Dubrovnik - A Maritime Jewel

Funny story written by Ellis Ian Fields

Thursday, 1 December 2011

image for Dubrovnik - A Maritime Jewel
Some city walls. Not Dobrovnik's though.

As winter is now clearly upon us, we asked Peregrine Trip to put a sunny smile back on our faces with some memories of his travels this summer past.

His wanderings this year took him to, among others, Dubrovnik - the Pearl of the Adriatic…

Hot. The Dalmatian coast is experiencing a heat wave when we arrive at Dubrovnik airport.

I am reminded of my first arrival in the Mediterranean region many years ago - runway reflecting heat; strange, herbal smell; chirruping crickets… It's a quiet airport, a taxi is easily acquired and half an hour later we're at the Uvala Hotel, Lapad.

After a first day acclimatising (on the beach) on day two, we decide to take the bus into Dubrovnik.

The guides say the buses drop you by the city walls at the Pile Gate. It becomes clear why… everyone piles off the bus at the terminus by the entrance to the walls. Ha ha. How we laughed.

Did I say it was hot? One is reminded of Noel Coward's Mad Dogs and Englishmen ditty as we access the walls. There is a 70 kuna fee and the good burghers of Dubrovnik have installed signs directing the crowds to circumnavigate in one direction.

The views are spectacular, over the Adriatic and over the famous red-tiled roofs - many looking much newer than others after the repair work required following the shelling by Serbian and Montenegrin artillery during the wars of the 1990's.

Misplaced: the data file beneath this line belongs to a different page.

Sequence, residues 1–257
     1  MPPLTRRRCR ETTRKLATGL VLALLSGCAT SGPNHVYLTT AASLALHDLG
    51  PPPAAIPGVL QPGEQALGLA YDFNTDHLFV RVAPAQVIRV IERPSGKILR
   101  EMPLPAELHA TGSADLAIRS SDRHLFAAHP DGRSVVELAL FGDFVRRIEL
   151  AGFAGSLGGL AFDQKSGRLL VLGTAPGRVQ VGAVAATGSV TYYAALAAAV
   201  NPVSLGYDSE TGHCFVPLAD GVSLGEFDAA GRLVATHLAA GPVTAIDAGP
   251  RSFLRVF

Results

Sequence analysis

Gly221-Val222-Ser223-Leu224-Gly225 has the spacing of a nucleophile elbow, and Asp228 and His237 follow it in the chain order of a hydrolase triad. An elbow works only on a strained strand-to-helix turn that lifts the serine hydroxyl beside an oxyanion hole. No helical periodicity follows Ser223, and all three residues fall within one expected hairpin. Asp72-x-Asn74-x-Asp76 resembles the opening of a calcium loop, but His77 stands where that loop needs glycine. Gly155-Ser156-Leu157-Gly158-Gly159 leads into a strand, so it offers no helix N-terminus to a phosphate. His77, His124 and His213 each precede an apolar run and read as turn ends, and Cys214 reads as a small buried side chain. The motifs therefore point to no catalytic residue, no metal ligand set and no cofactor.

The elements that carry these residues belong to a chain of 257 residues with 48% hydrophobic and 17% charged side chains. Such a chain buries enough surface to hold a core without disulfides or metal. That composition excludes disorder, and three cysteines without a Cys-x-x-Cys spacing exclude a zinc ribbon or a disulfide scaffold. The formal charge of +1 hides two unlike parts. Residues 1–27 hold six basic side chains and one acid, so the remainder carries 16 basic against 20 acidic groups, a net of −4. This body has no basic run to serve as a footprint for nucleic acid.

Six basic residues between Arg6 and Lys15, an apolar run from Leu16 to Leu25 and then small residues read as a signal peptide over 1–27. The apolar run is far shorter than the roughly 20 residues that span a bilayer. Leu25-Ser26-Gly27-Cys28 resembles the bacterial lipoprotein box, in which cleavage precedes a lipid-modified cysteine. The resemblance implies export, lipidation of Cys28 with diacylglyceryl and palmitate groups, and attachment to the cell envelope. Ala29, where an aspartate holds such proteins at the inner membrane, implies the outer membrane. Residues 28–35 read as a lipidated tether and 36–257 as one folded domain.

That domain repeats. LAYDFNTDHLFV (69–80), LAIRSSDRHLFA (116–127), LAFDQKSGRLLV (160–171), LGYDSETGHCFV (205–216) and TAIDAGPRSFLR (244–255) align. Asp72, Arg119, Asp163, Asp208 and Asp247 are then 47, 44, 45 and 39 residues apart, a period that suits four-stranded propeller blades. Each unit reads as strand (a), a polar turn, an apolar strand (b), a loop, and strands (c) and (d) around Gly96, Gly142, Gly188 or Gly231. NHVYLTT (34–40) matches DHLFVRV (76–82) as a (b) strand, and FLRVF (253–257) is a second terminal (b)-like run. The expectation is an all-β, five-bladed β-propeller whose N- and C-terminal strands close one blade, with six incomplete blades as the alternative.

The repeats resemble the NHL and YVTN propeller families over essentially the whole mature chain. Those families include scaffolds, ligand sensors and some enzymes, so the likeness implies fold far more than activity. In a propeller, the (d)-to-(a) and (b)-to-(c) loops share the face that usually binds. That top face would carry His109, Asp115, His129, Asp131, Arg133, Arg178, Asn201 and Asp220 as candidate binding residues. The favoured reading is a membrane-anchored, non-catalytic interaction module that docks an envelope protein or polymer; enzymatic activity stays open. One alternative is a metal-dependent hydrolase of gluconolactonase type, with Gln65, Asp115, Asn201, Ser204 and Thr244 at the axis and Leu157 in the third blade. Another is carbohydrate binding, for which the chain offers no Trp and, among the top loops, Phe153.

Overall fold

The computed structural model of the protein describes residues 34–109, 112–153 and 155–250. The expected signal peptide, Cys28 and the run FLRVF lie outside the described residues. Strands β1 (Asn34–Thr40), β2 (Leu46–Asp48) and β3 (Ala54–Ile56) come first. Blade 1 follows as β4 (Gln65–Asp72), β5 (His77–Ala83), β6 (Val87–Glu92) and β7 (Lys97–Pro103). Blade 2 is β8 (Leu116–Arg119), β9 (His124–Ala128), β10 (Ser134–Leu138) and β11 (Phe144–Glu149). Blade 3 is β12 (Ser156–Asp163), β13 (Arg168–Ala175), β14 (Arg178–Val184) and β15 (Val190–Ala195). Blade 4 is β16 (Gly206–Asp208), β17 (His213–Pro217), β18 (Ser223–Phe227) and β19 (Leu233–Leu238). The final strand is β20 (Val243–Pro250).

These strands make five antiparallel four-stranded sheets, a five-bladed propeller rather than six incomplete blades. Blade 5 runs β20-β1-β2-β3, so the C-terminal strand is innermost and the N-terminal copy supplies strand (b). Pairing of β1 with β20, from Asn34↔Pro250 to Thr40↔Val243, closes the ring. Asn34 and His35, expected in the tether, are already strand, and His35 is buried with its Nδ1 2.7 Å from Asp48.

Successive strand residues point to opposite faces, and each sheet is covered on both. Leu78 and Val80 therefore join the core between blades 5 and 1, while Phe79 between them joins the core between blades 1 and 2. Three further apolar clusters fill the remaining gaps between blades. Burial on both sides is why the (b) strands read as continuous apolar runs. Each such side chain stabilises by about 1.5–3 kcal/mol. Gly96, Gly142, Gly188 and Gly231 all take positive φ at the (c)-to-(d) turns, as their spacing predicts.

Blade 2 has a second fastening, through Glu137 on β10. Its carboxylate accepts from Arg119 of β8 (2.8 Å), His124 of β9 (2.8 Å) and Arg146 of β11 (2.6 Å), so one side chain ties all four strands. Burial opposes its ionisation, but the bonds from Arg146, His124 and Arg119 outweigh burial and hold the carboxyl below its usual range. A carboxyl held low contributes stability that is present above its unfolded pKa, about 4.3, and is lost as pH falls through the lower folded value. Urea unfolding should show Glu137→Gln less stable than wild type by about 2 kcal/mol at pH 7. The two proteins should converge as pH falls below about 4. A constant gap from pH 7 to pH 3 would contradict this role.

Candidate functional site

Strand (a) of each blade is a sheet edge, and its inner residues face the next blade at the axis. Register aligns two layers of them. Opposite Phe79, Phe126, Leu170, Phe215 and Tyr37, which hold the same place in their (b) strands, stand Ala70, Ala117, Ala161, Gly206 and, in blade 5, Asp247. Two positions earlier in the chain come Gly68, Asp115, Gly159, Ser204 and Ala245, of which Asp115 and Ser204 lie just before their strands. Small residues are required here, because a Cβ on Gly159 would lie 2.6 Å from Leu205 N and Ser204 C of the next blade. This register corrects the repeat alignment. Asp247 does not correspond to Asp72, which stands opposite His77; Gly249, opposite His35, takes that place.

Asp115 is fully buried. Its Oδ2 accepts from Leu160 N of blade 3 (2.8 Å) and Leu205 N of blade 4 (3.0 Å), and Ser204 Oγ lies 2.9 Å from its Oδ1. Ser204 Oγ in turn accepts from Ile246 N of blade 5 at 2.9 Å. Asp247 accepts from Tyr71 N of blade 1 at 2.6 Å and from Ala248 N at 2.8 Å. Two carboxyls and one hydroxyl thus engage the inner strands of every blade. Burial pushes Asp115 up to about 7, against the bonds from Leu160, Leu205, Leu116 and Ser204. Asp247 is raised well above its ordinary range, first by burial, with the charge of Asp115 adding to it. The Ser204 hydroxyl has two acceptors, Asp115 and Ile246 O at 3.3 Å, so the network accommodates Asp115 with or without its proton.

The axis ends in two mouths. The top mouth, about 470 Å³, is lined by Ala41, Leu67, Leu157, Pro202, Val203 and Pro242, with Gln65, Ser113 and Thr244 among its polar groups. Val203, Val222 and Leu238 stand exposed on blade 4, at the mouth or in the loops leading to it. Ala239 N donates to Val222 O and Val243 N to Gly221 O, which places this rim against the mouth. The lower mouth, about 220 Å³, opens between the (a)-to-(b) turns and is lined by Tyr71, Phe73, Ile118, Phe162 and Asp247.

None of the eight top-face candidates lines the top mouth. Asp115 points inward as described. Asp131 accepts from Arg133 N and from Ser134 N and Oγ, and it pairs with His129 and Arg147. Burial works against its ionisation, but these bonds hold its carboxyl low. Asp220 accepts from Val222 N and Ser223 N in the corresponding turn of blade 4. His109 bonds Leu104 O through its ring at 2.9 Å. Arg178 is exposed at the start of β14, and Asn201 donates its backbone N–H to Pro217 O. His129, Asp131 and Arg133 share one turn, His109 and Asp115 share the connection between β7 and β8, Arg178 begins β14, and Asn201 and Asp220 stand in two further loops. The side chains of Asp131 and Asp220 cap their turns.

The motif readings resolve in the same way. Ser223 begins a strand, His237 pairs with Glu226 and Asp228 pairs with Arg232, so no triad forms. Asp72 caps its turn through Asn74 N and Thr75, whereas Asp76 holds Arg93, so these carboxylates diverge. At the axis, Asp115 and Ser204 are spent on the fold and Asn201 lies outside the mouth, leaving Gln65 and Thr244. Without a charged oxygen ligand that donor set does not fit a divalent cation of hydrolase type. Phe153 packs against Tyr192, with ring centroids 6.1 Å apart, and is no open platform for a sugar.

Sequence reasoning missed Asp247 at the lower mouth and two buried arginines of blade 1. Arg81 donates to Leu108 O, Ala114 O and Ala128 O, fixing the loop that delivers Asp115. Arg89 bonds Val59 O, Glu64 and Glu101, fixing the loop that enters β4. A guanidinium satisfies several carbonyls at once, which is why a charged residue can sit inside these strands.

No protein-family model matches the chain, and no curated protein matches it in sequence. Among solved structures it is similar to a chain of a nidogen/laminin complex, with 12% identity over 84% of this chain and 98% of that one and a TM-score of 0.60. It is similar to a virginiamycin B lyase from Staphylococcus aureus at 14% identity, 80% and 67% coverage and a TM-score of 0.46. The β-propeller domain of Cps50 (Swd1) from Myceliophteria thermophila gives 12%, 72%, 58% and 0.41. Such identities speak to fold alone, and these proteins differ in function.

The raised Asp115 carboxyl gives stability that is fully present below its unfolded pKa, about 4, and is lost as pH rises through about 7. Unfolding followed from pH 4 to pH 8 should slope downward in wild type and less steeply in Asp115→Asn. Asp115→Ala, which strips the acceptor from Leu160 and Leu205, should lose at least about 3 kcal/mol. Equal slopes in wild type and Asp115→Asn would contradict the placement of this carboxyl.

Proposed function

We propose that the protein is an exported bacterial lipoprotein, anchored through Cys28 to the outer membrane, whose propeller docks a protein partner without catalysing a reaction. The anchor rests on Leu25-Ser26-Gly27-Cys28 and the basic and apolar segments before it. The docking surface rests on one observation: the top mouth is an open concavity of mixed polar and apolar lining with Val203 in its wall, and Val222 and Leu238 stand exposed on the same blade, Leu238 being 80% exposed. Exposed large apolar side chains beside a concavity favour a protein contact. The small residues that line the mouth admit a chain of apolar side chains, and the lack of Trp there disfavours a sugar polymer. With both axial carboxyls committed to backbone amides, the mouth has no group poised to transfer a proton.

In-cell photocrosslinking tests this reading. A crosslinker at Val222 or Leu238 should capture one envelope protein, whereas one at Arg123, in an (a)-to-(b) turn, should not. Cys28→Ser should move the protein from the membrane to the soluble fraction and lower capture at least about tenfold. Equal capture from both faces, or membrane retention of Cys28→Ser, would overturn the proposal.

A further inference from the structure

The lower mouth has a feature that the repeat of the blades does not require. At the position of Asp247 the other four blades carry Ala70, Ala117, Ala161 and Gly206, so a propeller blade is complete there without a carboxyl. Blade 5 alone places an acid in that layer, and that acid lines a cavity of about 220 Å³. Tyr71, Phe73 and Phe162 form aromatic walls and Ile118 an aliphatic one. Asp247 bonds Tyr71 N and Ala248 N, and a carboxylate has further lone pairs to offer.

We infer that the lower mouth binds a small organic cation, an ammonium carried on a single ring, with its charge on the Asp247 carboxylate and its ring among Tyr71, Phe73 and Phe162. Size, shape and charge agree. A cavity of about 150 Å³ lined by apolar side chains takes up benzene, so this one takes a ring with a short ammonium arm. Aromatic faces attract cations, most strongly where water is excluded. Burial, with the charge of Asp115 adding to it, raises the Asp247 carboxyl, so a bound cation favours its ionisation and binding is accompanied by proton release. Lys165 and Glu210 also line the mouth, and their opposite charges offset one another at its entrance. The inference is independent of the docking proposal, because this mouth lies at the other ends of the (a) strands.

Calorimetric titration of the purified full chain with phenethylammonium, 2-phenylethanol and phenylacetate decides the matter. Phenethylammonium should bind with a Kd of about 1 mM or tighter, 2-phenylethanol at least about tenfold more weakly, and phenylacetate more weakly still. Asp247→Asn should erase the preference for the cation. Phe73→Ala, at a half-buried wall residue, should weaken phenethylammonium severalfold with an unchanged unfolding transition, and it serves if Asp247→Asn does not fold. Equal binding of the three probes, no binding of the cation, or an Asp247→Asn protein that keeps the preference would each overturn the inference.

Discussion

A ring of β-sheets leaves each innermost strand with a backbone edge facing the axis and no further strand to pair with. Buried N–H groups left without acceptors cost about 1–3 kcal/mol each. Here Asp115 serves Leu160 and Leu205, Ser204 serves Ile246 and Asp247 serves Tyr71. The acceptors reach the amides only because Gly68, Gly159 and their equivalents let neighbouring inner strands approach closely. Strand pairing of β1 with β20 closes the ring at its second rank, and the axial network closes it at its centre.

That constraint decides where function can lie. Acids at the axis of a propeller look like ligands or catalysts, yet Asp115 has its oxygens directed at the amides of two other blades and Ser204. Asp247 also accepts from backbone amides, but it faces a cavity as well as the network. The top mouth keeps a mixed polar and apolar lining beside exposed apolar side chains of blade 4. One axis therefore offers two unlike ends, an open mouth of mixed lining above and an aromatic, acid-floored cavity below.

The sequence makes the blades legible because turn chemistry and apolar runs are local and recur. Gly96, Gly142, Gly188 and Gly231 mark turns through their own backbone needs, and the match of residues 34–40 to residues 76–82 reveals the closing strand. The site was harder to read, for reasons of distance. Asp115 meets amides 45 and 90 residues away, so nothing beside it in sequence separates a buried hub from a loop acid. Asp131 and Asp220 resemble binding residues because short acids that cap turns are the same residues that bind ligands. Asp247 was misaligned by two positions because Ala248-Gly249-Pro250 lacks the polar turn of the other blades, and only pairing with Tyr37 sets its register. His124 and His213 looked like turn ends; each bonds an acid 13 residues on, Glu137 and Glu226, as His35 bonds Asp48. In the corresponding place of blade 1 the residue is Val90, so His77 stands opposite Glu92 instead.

But of course we haven't been walking more than a couple of minutes before we encounter a couple, rucksacks and all, perambulating in the opposite direction. I am already wet - soaked, in fact, with sweat - did I say it was hot? But not as wet as these young Antipodeans must have felt after they hit the Adriatic, thirty-odd metres below, having been removed from the walls by Mrs, who takes her civic responsibilities very seriously, even when on holiday. Who knows? Hot as it was, they may have enjoyed the dip. If they avoided the rocks.

Oh - I gathered they were Antipodeans by the upward inflection of the male half of the couple as he ejaculated: "No worries mate?" when Mrs pitched him into the sun-kissed waters.

After our encounter with the directionally-challenged colonials, our circumnavigation of the walls is only interrupted by a visit to the Maritime Museum. As the son of a seaport myself I have to visit and I am impressed by the display models and, indeed, the fact that so many of the city's 19th-century merchant vessels were built in the great shipyards of Britain.

But I am one who is rendered apoplectically insensible by those who insist on chatting on their mobile phones while visiting such cultural resources. As I examined the origins of the Ragusan Republic's medieval power, I was forced to witness one half of a conversation between some overweight, middle-aged bint and whoever she was blathering to, about what they were going to do when 'our Sylvia's' birthday occurred in a couple of weeks.